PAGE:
FILMS AND VIDEO
Everyone has a story to tell. Some have the means to tell their story, while others do not.
I am always looking for that special story to tell. When my wife, Barbara Hacha, was working on her first novel, “Line by Line,” a historical novel about a young woman learning to survive as a hobo during the Great Depression, we made two trips to the National Hobo Convention in Britt, Iowa, to learn more about the hobo culture.
I packed my equipment because I knew that a story was going to unfold. We were there for a total of 8 days and we met a cross-section of hobos. In addition to having the great fortune of meeting Long Lost Lee, a hobo who went searching for
work during the Great Depression, we also heard compelling stories of hardship, danger, and violence from both men and women hobos.
By the time we left I had recorded over twelve hours of interviews and a history of the convention. “The Last Freedom Train” is a collection of the interesting interviews from veteran hobos.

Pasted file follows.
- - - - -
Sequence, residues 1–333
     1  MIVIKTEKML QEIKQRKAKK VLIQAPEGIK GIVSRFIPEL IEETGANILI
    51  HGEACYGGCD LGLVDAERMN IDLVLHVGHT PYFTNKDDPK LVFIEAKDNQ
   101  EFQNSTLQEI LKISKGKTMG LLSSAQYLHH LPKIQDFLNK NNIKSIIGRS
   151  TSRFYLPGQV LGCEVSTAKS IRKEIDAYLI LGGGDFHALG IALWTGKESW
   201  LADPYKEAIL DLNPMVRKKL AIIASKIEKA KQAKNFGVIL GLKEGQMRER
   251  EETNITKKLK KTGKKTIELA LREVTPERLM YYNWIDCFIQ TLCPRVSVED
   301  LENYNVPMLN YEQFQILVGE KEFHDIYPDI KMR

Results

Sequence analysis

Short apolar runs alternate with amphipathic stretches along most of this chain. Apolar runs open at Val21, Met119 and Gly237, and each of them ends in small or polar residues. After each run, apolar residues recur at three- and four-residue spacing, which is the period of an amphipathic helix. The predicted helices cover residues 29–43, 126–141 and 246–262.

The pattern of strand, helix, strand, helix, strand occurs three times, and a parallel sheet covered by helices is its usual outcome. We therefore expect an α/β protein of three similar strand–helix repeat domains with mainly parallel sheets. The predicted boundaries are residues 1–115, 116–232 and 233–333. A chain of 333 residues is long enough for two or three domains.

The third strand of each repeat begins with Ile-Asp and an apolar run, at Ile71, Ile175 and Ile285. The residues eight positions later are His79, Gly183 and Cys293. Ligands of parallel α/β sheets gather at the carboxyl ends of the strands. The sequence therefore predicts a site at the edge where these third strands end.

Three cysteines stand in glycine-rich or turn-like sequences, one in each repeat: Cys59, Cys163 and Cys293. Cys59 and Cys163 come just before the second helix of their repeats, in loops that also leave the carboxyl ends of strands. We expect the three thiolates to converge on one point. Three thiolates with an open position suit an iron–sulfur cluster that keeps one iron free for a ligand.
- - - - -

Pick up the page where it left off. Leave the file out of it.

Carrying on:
THE LAST FREEDOM TRAIN
Ever since track was first laid for the great locomotives, hobos have listened to the call of the rails, lured by the possibility of free transportation to another place if they could make their way unnoticed and unharmed. They rode the rails for various reasons, to escape economic hardship, satisfy an urge for adventure, or simply to feed their wanderlust. Along the way, they developed their own culture.
To learn more about the hobo culture we travelled to the 111th Hobo Convention in Britt, Iowa. We met people of many backgrounds who lived the life of a hobo. Many spent decades riding the rails, logging thousands of miles looking for work, for adventure, or peace of mind. Some have a disdain for modern society and could not figure how they fit in. Many travelled alone until they met other hobos in camps, called jungles, and discovered their family of choice.
In “The Last Freedom Train,” nine hobos tell their stories of the risks, dangers, and thrills of catching out.
Stone Works is a documentary about Mike, a Cleveland, Ohio, sculptor who was abused by a priest when he was an altar boy. When, as an adult, his attempt to get the attention of the diocese failed, Mike's master's thesis became his catharsis.